Divorce: If You're Not Fighting, You May Be Able To Represent Yourself

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Copyright (c) 2010 Lucille Uttermohlen

You want to get divorced, and you're not sure how to go about it. You can hire a divorce lawyer, or try to do it yourself. Many people are ending their own marriages these days. Still, there are some things you should think about before you start your own divorce case.

Do you have anything to fight about? In many divorces, the parties end up hiring divorce lawyers and spending a lot of money when they don't have very much to lose. If you haven't been married for long, chances are good that you haven't done anything together that you need to bring to a judge's attention. All you need to do is end your legal connection to each other. With the right forms, you can do that much on your own. Among the things you should base your decision on whether to hire an attorney are:

1. Have you bought a house together? If you have, fighting over it's value is probably a waste of time and money. Houses don't gain equity right away. Unless you made a big down payment or the price of real estate is rising where you live, your house probably isn't worth any more than you owe on it. You would have to be paying on it for several years to have "equity" or value that would give you any kind of profit if you sold it.


In many divorces, one of the parties refuses to sign his interest in the house over to the other unless payment is forthcoming. The husband / wife will demand that the other spouse cough up several thousand dollars before they will let their name be removed from the title. This makes sense if the house is worth more than you owe on it, plus the cost of selling it, but otherwise, you should be glad your spouse is assuming a bad debt.

The person who wants to keep the house should try to get a mortgage in his own name. If he does, and later he falls on hard times and can no longer make the payments, the other spouse won't have to worry about being sued for the delinquency.In addition, the other spouse will have better luck getting her own mortgage when she is ready to buy another home.
better able to get another mortgage when he / she is ready to buy a new home.

If you don't know what your home is worth, get it appraised. A fee appraiser can compare your house and its present condition to others that have sold in your neighborhood. The resulting estimate will give you some idea what you should ask for it on the open market, or what your spouse should pay you for your interest.


2. Some divorce fights are over cars. It can cost a lot if you pay an attorney to go after a motor vehicle. It may seem unfair to give up a car or truck that you have been making installment payments on for months. However, it probably isn't worth more than you owe on it. Let your spouse have it if she can refinance it in her own name. An attorney's fees may be more than you'll gain if you fight for it in court.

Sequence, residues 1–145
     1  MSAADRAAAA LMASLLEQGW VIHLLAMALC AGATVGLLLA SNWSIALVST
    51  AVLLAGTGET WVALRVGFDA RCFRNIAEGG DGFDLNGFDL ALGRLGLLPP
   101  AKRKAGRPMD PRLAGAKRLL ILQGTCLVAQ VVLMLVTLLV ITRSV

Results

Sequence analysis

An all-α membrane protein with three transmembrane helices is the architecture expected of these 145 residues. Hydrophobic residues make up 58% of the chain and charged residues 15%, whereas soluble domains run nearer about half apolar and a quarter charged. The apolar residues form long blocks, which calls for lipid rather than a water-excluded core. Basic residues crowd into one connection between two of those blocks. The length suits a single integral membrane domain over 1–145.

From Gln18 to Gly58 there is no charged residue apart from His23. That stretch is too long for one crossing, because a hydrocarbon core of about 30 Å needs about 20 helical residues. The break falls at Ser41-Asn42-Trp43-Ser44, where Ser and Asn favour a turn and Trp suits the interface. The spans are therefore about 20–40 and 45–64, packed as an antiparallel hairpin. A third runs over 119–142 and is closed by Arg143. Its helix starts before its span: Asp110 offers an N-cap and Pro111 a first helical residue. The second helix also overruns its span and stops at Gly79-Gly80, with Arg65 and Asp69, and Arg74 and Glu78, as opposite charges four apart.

Again, it is rare that you can sell a car for what you still owe on it, and you should always factor the attorney's hourly fee when you are deciding whether a motor vehicle is worth receiving in a divorce settlement. You may be better off putting the money you don't spend on a lawyer towards the purchase of a new car.

The best settlement of this issue is for both of you to keep the car you usually drive, but sometimes that is impractical. The car one of the parties uses most of the time may cost more than he / she can afford alone. or It may not be long for this world, and consequently only worth the price you could get at a junk yard minus the cost of getting it there. If the other car is newer, the person who usually drives it should compensate the other party if the good car is debt free.

3. People can waste thousands fighting over personal property. Arguing over appliances, furniture and dishes, can cost you more in attorney's fees than the things are worth. Furniture and appliances lose value quickly. Even if you made all the payments for the object and it doesn't seem fair to have to give it up, you might save more money if you just cut your losses and buy new.

No one can tell you what is worth fighting for when your marriage ends. If there is something valuable at stake, an attorney's help may be well worth the cost. However, if you and your spouse can be reasonable, and avoid quibbling over trivial things, you might find that you can end your marriage without a lawyer's help just by filing the right forms. Ask at your local library or courthouse, and good luck.


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Need some free legal help? Write to The Law Lady at thelawlady@utter-law.com or read informative articles about relationship issues at http://www.couple-or-not.com

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Occupation: attorney
Lucille P. Uttermohlen is a family law attorney with 27 years experience. Her specialties include divorce, paternity, adoption, guardianship, probate and criminal law. To learn more about the divorce process, visit Lucille at Couple-Or-Not.com Lucille P. Uttermohlen is a family law attorney with 27 years experience. Her specialties include divorce, paternity, adoption, guardianship, probate and criminal law. To learn more about the divorce process, visit Lucille at Couple-Or-Not.com I have been an attorney for 27 long years. My practice area is family law. My web cite is http://www.couple-or-not.com. There, we will discuss dating, home sharing, marriage and divorce. I would love to visit with you there.

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